Nanci Hellmich, USA TODAY10:02 a.m. EDT May 23, 2013
Students should be doing at least 60 minutes of vigorous or moderate-intensity physical activity at school, with more than half of the activity occurring during regular educational hours.
Kids need to break a sweat at school.
Students should be doing at least 60 minutes of vigorous or moderate-intensity physical activity at school, with more than half of the activity occurring during regular educational hours and the remaining amount before and after school, says a report released Thursday by the Institute of Medicine.
Estimates suggest that only about half of U.S. kids meet the government’s physical-activity guideline of doing at least 60 minutes of vigorous or moderate-intensity physical activity every day, the report says. School is the best place for kids to be physically active because they spend so much time there, it says.
Among the recommendations from the expert committee convened by the institute:
• Elementary school children should spend at least 30 minutes a day in PE class; middle school and high school students should get an average of 45 minutes a day in PE. That’s 150 minutes a week for elementary kids and 225 minutes for middle and high school students.
• At least half of the PE class time should be spent doing vigorous to moderate-intensity physical activity.
• Students should do additional vigorous or moderate-intensity activity throughout the day, including during recess, during classroom breaks that are physically active or in other active-learning opportunities.
• There should be other options to be physically active before and after school, including intramural and extramural sports, active before- and after-school programs and walking/biking/skateboarding to and from school.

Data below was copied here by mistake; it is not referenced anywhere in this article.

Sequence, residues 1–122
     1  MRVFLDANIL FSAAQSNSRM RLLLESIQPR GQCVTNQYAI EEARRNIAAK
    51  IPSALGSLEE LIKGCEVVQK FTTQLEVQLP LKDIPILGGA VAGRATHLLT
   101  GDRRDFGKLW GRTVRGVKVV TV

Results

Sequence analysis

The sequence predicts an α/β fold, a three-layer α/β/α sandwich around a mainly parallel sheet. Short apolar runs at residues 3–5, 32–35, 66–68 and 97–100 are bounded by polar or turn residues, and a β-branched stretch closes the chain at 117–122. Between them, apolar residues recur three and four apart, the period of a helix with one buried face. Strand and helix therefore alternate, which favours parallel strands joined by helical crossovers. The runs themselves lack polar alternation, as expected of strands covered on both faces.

“This is a whole-of-school approach. It’s not just physical education. It’s everything that occurs during school as well as around the school day,” says Harold Kohl III, professor of epidemiology and kinesiology at the University of Texas School of Public Health and chair of the committee that did the report.
In many schools, physical-education classes and recess have been squeezed out because of increasing educational demands and tough financial times. Since the passage of the No Child Left Behind Act in 2001, 44% of school administrators report cutting significant time from PE and recess so there’s more time for subjects such as reading and math, the report says.
Mark Terry, president of the National Association of Elementary School Principals and a principal at Eubanks Intermediate School in Southlake, Texas, says, “We all want healthy kids. It’s a great goal, but a difficult one.
“You have to look at the unintended consequences of things like this. They are well-meaning, and they are good for kids, but you have to alter the amount of time you have for other subjects,” he says.
“The problem is, what are you going to do less of? Are you going to do away with art or cut back on music or cut back on the minutes you have in the classroom?”
Having programs before and after school sounds like a good idea, but the question is who is going to run them and who is going to pay for them, Terry says.
Kohl responds: “We tried to be realistic in these recommendations, and there are creative ways to work these things without sacrificing other subject matter.”
Currently, a third of children in the USA are overweight or obese, putting them at greater risk of developing a host of debilitating and costly diseases, including type 2 diabetes, high blood pressure and high cholesterol.
Physical activity improves kids’ fitness, lowers their risk of obesity and type 2 diabetes and helps build strong bones and muscles. Children who are more active have greater attention spans and better academic performance, the report says.
The report recommends that the Department of Education designate physical education as a core subject like math and reading. “It is as important because it affects kids’ health, cognitive function and overall development,” Kohl says.
The report urges state legislatures and departments of education to adopt and/or strengthen physical education and recess policies, as well as before- and after-school policies, to meet the goals the report outlines.